CS Forum: Dr. Vinay Kumar Gautam, Norwegian University of Science and Technology

2017-08-15 12:30:00 2017-08-15 13:15:00 Europe/Helsinki CS Forum: Dr. Vinay Kumar Gautam, Norwegian University of Science and Technology CS department's public guest lecture on 'Dynamically Controlled Self-assembly of DNA Tiles'. The lecture is open to everyone free-of-charge. http://nbe.aalto.fi/en/midcom-permalink-1e77e4eb52eff3e7e4e11e791a17940806dc56cc56c Konemiehentie 2, 02150, Espoo

CS department's public guest lecture on 'Dynamically Controlled Self-assembly of DNA Tiles'. The lecture is open to everyone free-of-charge.

15.08.2017 / 12:30 - 13:15
seminar room T5, Konemiehentie 2, 02150, Espoo, FI

Dr. Vinay Kumar Gautam
Department of Computer Science,
Norwegian University of Science and Technology

Host: Prof. Pekka Orponen
Time: 12:30 (coffee at 12:15)
Venue: T5, CS building

Dynamically Controlled Self-assembly of DNA Tiles

Abstract:

Over the last four decades, nucleic acids -based self-assembly has emerged as a powerful engineering paradigm to design nanostructures and to implement molecular computation processes. Algorithmic self-assembly designs of both the complex 2-dimensional and 3-dimensional nucleic acid-based nanostructures, and the molecular computation models have been demonstrated both theoretically and practically. However, the assembling structures are purely driven by the tendency of multi-component systems to minimize their free energy in accordance with the second law of thermodynamics, and therefore there is no control over the internal states of an assembling system, and the structures once assembled can not be reconfigured reliably post-assembly. Introducing dynamic control in the nucleic acid-based self-assembly processes is promising 1) to improve our understanding of naturally occurring self-assembly and self-organization processes, and 2) to design reliable, complex and multiscale nanostructures and computational processes.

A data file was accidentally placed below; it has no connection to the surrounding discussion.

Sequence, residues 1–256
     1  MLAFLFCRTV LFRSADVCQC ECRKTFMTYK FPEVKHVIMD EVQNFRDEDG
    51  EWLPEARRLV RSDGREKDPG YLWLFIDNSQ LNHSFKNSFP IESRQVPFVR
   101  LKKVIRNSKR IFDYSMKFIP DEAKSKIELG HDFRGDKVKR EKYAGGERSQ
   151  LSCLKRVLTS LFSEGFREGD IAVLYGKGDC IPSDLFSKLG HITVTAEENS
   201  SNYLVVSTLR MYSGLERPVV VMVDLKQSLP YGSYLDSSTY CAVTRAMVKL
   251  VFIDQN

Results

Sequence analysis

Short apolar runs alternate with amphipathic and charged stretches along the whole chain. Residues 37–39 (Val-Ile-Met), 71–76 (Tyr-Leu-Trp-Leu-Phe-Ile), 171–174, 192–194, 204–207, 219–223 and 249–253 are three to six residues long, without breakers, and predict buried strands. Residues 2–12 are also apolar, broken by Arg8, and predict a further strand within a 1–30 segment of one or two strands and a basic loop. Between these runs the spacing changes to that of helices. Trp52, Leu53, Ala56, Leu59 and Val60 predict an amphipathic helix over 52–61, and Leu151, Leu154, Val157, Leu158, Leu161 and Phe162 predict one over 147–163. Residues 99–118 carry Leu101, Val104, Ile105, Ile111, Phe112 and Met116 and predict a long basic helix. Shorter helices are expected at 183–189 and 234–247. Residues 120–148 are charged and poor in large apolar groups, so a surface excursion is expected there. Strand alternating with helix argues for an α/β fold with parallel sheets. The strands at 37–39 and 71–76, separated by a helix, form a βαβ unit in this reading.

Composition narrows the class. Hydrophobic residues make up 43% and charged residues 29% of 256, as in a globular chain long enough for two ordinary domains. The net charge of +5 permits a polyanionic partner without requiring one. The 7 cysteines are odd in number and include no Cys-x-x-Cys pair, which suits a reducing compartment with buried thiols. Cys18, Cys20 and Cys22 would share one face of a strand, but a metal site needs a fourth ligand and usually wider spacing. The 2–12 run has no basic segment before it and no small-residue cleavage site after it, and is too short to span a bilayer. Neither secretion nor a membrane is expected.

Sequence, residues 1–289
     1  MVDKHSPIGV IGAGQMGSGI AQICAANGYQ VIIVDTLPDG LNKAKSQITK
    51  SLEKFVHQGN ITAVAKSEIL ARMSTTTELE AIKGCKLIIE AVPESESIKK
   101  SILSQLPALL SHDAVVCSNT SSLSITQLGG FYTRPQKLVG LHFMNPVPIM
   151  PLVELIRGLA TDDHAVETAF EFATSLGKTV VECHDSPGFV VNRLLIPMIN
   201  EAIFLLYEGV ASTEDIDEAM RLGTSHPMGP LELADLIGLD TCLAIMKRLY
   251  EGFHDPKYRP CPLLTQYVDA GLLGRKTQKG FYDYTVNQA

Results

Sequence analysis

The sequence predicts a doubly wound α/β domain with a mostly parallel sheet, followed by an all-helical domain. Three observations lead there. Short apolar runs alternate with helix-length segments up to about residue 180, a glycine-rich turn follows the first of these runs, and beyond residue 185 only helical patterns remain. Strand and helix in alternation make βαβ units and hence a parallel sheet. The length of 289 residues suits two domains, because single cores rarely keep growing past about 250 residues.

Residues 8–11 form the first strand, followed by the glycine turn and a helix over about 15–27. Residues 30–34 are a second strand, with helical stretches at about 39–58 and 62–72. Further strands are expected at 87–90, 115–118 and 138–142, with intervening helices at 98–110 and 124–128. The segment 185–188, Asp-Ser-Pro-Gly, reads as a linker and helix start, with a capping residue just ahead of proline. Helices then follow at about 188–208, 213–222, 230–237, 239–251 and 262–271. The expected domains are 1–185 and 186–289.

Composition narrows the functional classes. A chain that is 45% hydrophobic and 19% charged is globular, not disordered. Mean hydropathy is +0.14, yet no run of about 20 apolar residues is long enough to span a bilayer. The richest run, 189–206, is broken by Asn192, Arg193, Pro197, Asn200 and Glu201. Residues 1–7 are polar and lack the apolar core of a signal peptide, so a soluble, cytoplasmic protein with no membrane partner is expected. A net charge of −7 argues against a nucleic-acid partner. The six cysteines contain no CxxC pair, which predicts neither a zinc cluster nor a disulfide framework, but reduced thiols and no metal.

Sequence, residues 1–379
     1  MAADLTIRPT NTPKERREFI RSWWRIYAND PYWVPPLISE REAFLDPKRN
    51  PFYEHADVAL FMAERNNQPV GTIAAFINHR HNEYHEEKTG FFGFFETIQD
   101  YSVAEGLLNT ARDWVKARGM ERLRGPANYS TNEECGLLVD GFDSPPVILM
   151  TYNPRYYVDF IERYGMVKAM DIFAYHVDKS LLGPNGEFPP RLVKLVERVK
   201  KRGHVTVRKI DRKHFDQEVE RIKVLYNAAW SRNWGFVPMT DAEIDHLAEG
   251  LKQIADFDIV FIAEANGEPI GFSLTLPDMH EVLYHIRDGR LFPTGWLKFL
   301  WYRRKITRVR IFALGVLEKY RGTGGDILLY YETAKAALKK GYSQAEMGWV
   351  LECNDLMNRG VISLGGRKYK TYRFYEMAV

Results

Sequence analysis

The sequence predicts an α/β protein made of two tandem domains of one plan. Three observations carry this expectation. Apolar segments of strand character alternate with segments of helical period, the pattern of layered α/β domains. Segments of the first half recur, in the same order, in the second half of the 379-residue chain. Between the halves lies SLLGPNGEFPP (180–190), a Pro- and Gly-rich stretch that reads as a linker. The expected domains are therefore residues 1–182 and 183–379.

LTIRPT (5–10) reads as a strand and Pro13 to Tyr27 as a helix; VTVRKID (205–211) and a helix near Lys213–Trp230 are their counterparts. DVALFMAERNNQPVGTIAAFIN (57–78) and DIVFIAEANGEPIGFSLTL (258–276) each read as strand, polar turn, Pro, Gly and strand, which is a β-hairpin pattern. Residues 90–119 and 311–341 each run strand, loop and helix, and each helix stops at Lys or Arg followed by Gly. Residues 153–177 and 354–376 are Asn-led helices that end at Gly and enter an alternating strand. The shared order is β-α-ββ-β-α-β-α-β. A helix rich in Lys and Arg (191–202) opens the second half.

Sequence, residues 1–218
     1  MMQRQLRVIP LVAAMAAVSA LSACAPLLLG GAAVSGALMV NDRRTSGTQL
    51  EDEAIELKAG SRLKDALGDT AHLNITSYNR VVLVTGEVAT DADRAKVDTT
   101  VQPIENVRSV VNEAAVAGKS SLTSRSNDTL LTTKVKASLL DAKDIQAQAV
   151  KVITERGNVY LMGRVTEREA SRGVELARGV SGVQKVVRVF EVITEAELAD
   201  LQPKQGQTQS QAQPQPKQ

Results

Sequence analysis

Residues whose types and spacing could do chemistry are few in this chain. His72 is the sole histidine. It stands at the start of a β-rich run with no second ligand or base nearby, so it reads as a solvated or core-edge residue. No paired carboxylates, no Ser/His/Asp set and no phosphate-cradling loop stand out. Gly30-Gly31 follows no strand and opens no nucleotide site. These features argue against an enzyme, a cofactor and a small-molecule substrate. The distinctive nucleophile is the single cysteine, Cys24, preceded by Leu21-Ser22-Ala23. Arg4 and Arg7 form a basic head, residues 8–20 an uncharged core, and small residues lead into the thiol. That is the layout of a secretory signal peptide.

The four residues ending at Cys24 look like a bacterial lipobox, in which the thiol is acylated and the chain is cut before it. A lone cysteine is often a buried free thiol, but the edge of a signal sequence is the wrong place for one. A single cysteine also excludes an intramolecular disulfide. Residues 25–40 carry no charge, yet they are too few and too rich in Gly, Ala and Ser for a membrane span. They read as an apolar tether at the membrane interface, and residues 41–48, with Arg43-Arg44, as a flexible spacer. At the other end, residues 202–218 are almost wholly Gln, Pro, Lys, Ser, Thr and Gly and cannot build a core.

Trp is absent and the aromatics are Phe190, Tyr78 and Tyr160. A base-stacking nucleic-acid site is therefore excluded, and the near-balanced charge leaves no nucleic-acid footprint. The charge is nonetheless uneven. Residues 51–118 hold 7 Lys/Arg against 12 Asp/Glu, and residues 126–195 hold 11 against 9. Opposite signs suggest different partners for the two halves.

In this talk, which is based on my PhD research, I will discuss the designing of dynamically controlled DNA tiles for Erik Winfree's algorithmic tile self-assembly framework. Using these tile designs, I'll discuss: 1) how resilient and ordered assemblies of tiles can be designed using dynamic control that activates during local interactions between assembling tiles; 2) how a multiscale self-assembling system using globally controlled tiles can be designed to self-replicate pre-designed 2D rectangular regions assembled from tiles. Then, I will proceed to discuss how this dynamically controlled tile assembly framework presents a basic computational model, similar to those that combine self-replication with evolutionary processes. In the end, I reflect upon the future directions, design challenges and interesting possible applications of dynamically controlled nucleic acid self-assembly processes.